Vancouver professor and Olympics Resistance Network organizer Chris Shaw came to Chicago early this year at the request of No Games Chicago, and spoke of the immense public debt, destruction to public parks, and “frontal assault on civil liberties” that have been the results of Vancouver having won the 2010 Games. Chris had the following to say regarding Vancouver’s experience with the Games so far:
“Chicago Should Avoid Following in Vancouver’s Olympic Missteps”
I look back to 2003 and what is happening with Chicago’s Olympic bid is eerily reminiscent of Vancouver’s successful bid six years ago. Then, as now, bid boosters were promising local citizens the world: fame, wealth, and the host of goodies that would flow from a nod from the IOC. Vancouver’s then mayor promised that the 2010 Games wouldn’t cost the citizens ‘one penny”, that provincial and federal funds would be leveraged for local needs, and that the entire process would be completely transparent and accountable. Bid organizers promised a host of goodies including “the greenest Games ever”, an arts legacy, and “social inclusivity” (short hand for social housing). It was a lovely dream and many Vancouverites bought into it. In a non-binding Vancouver plebiscite, some 64% of Vancouverites voted for the bid to go forward. The same question was not put to the rest of the province of British Columbia because the sitting Premier knew it would fail miserably.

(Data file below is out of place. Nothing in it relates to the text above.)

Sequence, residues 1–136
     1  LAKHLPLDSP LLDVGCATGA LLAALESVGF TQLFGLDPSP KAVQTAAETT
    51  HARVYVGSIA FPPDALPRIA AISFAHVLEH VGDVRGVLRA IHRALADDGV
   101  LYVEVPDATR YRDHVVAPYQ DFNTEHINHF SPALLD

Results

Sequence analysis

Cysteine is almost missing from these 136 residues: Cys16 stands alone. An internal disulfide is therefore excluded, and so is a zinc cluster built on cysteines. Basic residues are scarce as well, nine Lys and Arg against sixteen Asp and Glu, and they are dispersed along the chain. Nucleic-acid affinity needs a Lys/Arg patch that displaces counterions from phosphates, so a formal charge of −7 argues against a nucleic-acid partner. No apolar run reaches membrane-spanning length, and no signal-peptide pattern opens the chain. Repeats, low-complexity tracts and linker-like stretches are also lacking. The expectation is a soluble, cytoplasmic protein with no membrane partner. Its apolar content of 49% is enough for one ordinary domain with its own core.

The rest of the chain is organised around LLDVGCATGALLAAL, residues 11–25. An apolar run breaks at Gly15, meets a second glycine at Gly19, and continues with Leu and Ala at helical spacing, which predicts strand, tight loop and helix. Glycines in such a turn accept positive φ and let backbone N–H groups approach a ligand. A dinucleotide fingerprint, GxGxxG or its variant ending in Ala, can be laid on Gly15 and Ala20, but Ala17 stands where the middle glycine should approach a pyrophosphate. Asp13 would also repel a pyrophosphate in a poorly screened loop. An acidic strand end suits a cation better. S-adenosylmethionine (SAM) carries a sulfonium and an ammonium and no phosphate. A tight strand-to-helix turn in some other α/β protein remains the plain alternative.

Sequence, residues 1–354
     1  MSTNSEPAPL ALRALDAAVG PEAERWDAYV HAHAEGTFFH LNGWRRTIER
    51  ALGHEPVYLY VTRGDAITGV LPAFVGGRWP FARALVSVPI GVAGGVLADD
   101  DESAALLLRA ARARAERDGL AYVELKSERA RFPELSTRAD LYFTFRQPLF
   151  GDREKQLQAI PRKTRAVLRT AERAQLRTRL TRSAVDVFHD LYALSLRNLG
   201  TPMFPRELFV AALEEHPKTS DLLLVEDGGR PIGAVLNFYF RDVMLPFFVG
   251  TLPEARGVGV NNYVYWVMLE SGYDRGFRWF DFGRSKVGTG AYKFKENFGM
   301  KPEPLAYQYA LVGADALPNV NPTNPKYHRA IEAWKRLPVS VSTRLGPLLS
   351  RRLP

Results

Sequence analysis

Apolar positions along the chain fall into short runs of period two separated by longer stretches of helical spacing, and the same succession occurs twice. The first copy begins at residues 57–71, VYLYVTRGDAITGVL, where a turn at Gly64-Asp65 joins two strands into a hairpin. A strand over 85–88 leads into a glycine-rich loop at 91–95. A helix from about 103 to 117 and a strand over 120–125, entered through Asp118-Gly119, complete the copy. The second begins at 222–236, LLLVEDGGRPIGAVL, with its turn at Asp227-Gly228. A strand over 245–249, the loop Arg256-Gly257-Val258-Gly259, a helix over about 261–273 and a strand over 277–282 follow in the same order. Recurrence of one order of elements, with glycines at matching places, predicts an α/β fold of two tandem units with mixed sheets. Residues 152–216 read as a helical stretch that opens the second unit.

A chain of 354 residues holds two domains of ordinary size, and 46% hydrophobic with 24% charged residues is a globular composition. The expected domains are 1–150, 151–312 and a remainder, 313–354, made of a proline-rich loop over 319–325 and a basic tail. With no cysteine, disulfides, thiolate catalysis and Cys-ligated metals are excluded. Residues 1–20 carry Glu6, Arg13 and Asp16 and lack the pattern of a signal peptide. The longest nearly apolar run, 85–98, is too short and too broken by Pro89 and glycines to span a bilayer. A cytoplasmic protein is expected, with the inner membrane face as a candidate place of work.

Six years later, a majority of Vancouverites who supported Vancouver’s bid are having serious second thoughts as the early predictions of the “nay sayers” and “party poopers” are turning out to be frighteningly accurate. Those who opposed bringing the Games to Vancouver, and I was one of them, noted that cost estimates for staging the Games were vastly underestimated while at the same time as the benefits were grotesquely overestimated.
We were right, and in spades. In the run up to the IOC’s decision, Vancouver’s mayor had said the Games wouldn’t cost us one penny, but the reality was quite different: construction costs at city venues blossomed to finally approach a $100 million shortfall. Three hundred million dollars more were dumped into an ill-considered subway line that may have been influential for the bid but was not a solution for local transportation. Security costs to be born by Vancouver are still unknown, but could easily be $100 million for the city alone. Endless ‘hidden” costs have also accumulated. Finally, as the final blow, Vancouver’s choice of the developer for the Athletes’ Village went insolvent forcing the city to take over the project and putting it on the hook for nearly $1 billion.
Taken all together, the city with an operating budget of under $900 million and a property endowment fund of about $1.4 billion found itself facing a nearly $2 billion dollar Olympic debt. In brief, with a combination of bad planning and an utter lack of
, Olympic boosters had brought Vancouver to the brink of bankruptcy. The overall cost to all levels of government for the 2010 Games will likely come out at about $10 billion. London’s 2012 Games, a likely harbinger for Chicago, is now, five years in advance, already at nearly $20 billion in projected costs.